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This week's top 5 business insights and e-commerce trends: 13 December 2019

Business · 4 mins

AOB: 13 December 2019

The countdown to Christmas is on, but we’re turning sights away from Santa and onto sustainability, flexible shopping solutions and how accessibility unlocks a massive audience. Find out more in this week’s AOB.

Fashionable Flower Power

Featherdown jackets might be a thing of the past with Pangaia’s luxury FLWRDWN1 – ‘flowerdown’ – puffer jacket. Ethically minded shoppers are increasing their scrutiny of their garments supply chains, and Lyst2 reports that sustainable fashion searches have risen 66% since 2018.

The FLWRDWN coat offers one solution to an ethical dilemma often faced by conscious consumers. It’s made from biodegradable, regenerating wildflowers, which are coated in bonding polymers and infused with a gel. Considering that nine in ten Gen Zers3 believe companies have a responsibility to address environmental and social issues, brands like Pangaia, who are paving the way for a featherless future in their product lines, will likely earn the loyalty of the growing number of eco-shoppers.

Flexible solutions this festive season

Shoppers are collectively expected to spend more during the 2019 holiday season than the holiday period from last year – with spend predictions of $1T in the US market alone4 – but many are still paying down credit card bills from 2018’s spending sprees.With retailers needing to cut through a deluge of deals, ‘Buy Now, Pay Later’ options are gaining traction. This flexible retail solution is especially useful in unlocking the purchasing power of Gen Z and Millennial shoppers. While they might be credit shy, they are willing to explore and embrace new ways to pay. So, it will benefit your business to set up your shop to cater for the changing landscape of commerce this Christmas.  

Time to embrace digital equality

We touched upon the need for digital quality in last week’s AOB, with UK charity Scope leading a campaign to make websites more accessible to those with disabilities. This week we turn the focus to the US.

61 million Americans6 are living with some sort of disability and are likely to use e-commerce and engage in digital channels. According to the American Institutes for Research7, the disposable income of working-age adults with disabilities is nearly $500 million. However, this spending power is all null and void if they cannot access your site. So, to unlock this lucrative demographic, brands are getting on board to remove the barriers, with the likes of Tommy Hilfiger creating Tommy Adaptive8 - a clothing range catering to those with disabilities, or AirBnb adding ‘wheelchair access’ into their search terms. But accessibility is more than that; companies need to be bolder, think wider and open their minds to how we are all navigating the ever changing digital world - as that will open up your business to a truly global audience.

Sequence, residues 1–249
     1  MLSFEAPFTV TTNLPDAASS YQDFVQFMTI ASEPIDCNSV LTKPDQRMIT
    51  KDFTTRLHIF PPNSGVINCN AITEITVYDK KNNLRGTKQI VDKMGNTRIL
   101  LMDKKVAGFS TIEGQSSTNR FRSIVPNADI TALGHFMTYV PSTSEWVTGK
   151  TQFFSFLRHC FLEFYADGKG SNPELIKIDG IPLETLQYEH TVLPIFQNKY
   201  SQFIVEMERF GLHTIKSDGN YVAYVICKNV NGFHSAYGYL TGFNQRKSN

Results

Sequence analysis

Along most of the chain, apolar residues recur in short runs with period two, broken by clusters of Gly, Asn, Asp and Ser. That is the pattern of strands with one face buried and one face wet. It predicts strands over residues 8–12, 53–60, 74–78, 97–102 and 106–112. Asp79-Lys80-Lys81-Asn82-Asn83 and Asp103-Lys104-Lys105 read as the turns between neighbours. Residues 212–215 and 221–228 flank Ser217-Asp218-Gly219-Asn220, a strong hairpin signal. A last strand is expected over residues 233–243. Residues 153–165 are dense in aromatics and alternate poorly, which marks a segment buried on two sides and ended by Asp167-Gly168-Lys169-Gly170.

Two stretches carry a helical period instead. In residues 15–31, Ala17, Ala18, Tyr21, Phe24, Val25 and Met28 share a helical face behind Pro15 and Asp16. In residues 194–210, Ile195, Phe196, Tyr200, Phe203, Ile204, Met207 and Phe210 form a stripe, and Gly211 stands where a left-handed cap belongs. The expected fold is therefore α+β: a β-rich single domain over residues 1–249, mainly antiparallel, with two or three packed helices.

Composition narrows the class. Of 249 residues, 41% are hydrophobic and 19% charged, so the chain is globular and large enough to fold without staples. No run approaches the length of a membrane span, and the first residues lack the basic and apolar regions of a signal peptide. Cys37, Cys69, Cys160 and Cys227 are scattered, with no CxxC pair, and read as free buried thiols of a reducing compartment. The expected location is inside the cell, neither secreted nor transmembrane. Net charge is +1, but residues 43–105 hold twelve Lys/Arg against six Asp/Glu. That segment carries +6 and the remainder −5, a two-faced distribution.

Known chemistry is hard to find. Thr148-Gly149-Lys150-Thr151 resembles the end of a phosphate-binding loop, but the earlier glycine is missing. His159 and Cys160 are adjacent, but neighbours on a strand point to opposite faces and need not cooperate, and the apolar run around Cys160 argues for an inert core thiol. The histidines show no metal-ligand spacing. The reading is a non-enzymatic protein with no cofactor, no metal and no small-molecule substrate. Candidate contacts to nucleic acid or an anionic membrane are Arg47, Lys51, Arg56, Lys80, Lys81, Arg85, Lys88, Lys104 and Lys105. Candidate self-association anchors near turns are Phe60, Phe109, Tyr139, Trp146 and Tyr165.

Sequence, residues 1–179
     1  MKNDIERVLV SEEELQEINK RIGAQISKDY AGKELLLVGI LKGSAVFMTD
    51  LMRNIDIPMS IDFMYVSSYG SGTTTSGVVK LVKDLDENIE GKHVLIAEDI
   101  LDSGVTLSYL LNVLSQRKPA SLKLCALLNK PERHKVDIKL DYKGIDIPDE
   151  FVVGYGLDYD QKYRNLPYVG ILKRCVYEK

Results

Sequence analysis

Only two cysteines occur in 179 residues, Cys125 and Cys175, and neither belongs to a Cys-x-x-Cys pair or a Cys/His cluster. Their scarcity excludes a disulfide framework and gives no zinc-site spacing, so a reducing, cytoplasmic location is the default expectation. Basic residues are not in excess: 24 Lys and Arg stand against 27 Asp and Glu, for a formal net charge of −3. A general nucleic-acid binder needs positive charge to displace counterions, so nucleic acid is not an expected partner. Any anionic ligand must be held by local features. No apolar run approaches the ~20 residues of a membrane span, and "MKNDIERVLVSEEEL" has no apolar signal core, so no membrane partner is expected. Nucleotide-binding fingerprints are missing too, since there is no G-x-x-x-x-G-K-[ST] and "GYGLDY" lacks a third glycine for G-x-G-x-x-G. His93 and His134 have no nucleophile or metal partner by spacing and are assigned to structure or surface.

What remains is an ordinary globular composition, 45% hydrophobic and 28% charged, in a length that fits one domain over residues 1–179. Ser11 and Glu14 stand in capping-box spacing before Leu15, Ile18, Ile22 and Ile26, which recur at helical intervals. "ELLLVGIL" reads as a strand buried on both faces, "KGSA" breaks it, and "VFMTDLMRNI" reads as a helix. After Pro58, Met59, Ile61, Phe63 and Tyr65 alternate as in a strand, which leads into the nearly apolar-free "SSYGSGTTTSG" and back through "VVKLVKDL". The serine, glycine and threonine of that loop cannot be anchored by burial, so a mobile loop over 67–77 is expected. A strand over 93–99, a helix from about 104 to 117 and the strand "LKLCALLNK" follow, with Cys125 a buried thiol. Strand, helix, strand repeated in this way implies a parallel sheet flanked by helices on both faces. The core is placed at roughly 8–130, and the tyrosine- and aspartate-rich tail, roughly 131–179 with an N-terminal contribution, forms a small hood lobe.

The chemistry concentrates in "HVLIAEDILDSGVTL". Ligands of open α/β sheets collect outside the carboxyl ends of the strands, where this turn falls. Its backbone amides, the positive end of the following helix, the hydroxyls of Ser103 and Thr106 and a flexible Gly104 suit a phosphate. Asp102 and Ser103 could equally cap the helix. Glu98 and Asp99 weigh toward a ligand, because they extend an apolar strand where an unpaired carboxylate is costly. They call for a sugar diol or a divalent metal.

Making use of user generated content

Customer reviews might be the new way to uncovering valuable insights for product development rather than research groups. Research and focus groups are costly and a lengthy process, which can lead to a long lead time in new product development9. Artem Timoshenko, an assistant professor of marketing at Kellogg, has said “being on the market with a new razor half a year before your competitor gives you the edge." So, alongside his colleague John Hauser of MIT Sloan, they’ve looked at utilising user generated content like Amazon reviews or social media data to speed product development up.

Through use of AI and algorithms, they can efficiently sift through product reviews, identifying key words and phrases that identify the customer’s needs from the product. For instance, a customer who leaves a bad review for a toothbrush due to it not having a timer, is suggesting the underlying desire to know how long to spend on various parts of their dental routine. Are you making the most of your customer's feedback to develop new product lines?

E-tailored suits

Buying a suit can be tricky. With different fabrics, fits and fashions to follow, it’s always been usual to try before you buy. However, online e-tailers Hockerty and Sumissura have found a way to reassure customers on the perfect fit without a changing room.

The 11-year-old company reaches 250,000 global customers, and credits its success in part due to the three founders' engineering background, which has enabled them to use technology to optimize their offering10. Co-founder Alberto Gil says, “What's important for us is when a customer is designing a suit, he or she needs to see how it is going to fit.” Which they achieve digitally through incorporating 3D models into their bespoke suit design tool so that every step of the way, the customer can see how it will look. This precision not only improves cart retention but reduces returns.

Steve Whittingham
Steve Whittingham Discover content team

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